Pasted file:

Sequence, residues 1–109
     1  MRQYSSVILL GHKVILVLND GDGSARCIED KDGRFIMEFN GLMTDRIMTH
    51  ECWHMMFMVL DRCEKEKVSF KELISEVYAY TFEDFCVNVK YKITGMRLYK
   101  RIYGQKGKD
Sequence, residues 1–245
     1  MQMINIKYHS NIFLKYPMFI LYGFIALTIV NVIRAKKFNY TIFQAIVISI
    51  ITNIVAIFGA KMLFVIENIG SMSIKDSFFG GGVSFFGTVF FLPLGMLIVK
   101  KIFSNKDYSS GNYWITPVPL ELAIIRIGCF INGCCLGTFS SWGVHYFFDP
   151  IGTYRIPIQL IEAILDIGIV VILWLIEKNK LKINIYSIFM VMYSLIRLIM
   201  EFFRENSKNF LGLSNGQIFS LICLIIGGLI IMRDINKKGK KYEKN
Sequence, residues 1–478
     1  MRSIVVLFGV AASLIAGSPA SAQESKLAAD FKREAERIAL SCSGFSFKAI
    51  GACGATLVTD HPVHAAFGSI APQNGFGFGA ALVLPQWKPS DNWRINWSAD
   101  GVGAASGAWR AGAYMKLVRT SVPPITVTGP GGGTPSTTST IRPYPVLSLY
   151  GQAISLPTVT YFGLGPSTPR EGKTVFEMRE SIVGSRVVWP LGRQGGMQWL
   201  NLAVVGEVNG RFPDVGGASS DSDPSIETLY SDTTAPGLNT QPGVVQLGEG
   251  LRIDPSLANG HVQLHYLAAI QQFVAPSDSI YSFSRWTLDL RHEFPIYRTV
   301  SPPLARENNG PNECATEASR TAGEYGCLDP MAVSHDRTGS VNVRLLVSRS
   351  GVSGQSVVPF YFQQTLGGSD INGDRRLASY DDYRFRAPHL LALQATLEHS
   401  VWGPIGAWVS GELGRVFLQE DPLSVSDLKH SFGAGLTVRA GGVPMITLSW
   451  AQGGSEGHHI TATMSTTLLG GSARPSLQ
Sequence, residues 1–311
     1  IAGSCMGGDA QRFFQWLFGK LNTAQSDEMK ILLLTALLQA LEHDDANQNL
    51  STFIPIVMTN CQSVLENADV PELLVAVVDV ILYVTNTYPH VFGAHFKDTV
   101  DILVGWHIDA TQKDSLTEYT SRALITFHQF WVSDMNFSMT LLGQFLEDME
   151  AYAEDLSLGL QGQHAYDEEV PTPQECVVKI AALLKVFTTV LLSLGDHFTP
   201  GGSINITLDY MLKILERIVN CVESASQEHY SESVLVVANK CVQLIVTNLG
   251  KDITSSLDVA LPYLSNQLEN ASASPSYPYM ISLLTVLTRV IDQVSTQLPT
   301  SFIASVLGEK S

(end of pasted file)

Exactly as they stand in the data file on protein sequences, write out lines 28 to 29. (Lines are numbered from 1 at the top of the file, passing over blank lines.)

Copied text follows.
   251  KDITSSLDVA LPYLSNQLEN ASASPSYPYM ISLLTVLTRV IDQVSTQLPT
   301  SFIASVLGEK S